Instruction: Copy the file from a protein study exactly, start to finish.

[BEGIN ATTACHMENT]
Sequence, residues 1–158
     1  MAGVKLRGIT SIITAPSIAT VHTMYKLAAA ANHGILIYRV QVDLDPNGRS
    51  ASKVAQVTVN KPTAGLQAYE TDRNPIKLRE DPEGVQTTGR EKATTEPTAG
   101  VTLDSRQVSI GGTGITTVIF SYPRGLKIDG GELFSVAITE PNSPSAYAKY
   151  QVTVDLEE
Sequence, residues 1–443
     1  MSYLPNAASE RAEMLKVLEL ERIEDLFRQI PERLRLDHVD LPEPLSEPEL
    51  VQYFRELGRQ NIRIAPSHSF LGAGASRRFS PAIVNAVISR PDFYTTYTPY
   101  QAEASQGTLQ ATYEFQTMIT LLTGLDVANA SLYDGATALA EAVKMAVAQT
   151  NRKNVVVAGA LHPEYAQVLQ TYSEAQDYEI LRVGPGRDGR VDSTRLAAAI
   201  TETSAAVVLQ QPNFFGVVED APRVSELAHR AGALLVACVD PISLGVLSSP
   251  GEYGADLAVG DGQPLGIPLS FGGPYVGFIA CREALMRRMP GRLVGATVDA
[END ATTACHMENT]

Sequence, residues 1–158
     1  MAGVKLRGIT SIITAPSIAT VHTMYKLAAA ANHGILIYRV QVDLDPNGRS
    51  ASKVAQVTVN KPTAGLQAYE TDRNPIKLRE DPEGVQTTGR EKATTEPTAG
   101  VTLDSRQVSI GGTGITTVIF SYPRGLKIDG GELFSVAITE PNSPSAYAKY
   151  QVTVDLEE
Sequence, residues 1–443
     1  MSYLPNAASE RAEMLKVLEL ERIEDLFRQI PERLRLDHVD LPEPLSEPEL
    51  VQYFRELGRQ NIRIAPSHSF LGAGASRRFS PAIVNAVISR PDFYTTYTPY
   101  QAEASQGTLQ ATYEFQTMIT LLTGLDVANA SLYDGATALA EAVKMAVAQT
   151  NRKNVVVAGA LHPEYAQVLQ TYSEAQDYEI LRVGPGRDGR VDSTRLAAAI
   201  TETSAAVVLQ QPNFFGVVED APRVSELAHR AGALLVACVD PISLGVLSSP
   251  GEYGADLAVG DGQPLGIPLS FGGPYVGFIA CREALMRRMP GRLVGATVDA